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Federal Government Plans $2.92 Billion Infrastructure Investment

09 September, 2012

Mexico’s federal government has announced that it will spend nearly $3 billion during 2012 to improve water infrastructure throughout the country, according to a recent report from Conagua, which is Mexico’s national water commission. The investment will be used to increase available potable water, improve agricultural, drainage and sanitation infrastructure, and flood protection works.  

According to the report Conagua plans to reach 92 percent potable water coverage and 90.5 percent drainage coverage for all of Mexico real estate by the end of 2012. Key projects that will be completed this year include the Casa Colorada pumping plant in the Mexico Valley and completing the underground portion of a pumping station in El Caracol. 

Wastewater treatment is another important part of the budget expenditures for 2012, with 43 wastewater treatment plants under construction as of June, following the 103 plants that commenced operations in 2011. Upon completion of these plants, wastewater treatment levels throughout the country will reach upwards of 70 percent, according to President Felipe Calderon, who gave a presentation of the report.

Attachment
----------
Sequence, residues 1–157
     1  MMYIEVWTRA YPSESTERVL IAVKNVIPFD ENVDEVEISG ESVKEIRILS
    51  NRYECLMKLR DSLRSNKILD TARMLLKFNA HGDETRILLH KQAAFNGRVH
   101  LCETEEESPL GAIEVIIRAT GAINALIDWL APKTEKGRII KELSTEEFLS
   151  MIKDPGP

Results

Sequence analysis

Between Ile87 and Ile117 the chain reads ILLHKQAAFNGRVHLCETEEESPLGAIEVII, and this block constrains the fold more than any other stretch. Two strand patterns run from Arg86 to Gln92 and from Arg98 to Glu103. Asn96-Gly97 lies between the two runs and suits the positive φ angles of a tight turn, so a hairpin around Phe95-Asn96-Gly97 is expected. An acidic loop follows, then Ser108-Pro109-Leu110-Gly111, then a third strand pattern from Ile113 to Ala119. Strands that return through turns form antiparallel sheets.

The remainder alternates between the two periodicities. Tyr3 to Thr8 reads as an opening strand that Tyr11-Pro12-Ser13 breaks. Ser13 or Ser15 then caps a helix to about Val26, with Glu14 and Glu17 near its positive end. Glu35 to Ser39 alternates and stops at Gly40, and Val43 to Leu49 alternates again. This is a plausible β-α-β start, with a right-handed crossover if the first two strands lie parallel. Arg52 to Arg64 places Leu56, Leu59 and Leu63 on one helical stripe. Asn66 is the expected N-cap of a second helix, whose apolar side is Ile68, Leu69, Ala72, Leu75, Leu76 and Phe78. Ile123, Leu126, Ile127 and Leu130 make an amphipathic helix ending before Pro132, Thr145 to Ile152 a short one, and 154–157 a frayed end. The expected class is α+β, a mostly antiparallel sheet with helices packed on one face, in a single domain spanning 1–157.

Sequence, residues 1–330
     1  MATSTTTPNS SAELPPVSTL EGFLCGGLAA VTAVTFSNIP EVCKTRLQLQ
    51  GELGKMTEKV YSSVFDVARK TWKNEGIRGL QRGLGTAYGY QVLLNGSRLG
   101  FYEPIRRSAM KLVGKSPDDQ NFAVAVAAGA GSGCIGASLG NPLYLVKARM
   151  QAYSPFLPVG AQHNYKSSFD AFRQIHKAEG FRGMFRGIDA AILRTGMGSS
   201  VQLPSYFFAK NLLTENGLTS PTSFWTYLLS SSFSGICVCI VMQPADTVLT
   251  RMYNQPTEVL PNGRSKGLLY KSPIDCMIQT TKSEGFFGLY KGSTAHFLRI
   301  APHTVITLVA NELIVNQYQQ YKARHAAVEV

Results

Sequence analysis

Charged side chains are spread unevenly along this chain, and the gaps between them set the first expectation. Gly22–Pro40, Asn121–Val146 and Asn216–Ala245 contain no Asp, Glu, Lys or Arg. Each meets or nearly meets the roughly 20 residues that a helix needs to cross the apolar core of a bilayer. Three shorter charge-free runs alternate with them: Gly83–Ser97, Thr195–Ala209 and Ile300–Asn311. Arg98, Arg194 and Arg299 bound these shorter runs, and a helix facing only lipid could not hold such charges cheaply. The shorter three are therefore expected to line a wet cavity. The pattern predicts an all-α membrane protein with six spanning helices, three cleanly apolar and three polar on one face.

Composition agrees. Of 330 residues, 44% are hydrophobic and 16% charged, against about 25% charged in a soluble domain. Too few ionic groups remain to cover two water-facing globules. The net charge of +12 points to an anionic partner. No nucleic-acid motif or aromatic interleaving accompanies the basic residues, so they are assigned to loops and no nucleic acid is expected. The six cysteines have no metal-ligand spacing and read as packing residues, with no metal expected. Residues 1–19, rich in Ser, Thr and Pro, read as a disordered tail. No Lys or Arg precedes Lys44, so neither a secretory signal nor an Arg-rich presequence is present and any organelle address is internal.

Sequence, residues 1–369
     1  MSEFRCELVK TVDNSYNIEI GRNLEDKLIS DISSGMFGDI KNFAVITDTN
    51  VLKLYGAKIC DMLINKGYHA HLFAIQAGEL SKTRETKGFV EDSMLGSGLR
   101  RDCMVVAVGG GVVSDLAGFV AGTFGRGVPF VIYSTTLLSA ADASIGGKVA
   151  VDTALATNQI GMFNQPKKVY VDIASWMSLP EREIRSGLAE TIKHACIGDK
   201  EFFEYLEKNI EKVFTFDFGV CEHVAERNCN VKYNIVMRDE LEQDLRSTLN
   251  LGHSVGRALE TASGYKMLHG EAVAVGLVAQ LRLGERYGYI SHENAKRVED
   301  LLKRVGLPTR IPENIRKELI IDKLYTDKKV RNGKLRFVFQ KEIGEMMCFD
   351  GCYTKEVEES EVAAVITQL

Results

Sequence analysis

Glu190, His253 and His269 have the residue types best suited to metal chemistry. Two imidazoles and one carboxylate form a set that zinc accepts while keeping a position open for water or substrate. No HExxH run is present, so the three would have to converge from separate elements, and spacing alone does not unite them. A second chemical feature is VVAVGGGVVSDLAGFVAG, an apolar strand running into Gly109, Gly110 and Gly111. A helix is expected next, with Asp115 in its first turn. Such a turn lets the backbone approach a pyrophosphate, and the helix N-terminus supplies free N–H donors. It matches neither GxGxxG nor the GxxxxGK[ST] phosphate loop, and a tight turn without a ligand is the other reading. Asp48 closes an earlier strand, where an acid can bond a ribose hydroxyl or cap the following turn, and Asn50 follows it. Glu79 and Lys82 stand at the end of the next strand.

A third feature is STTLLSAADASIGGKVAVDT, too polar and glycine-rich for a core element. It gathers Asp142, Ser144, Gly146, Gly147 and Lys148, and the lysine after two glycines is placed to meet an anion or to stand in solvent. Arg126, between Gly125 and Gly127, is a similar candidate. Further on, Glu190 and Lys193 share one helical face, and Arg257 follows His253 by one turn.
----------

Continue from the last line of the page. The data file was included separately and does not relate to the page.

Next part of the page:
Infrastructure investment in Mexico has reached a record high in recent years, as the federal government works to ensure that its infrastructure stays well ahead of the growing demand, which results from a steep rise in both business and tourism throughout the country. All of this is farther evidence that Mexico is a country on the move with no signs of slowing down, which has also attracted record amounts of foreign direct investment over the past few years.

In addition, the US Environmental Protection Agency (EPA) has announced that it will invest more than 11 million in the projects indirectly, via the North American Development Bank. The federal government is quickly moving to ensure that all of Mexico’s towns have not only excellent potable water, but also state of the art drainage and wastewater treatment facilities.

Topics: Investment Mexico Politics Infrastructure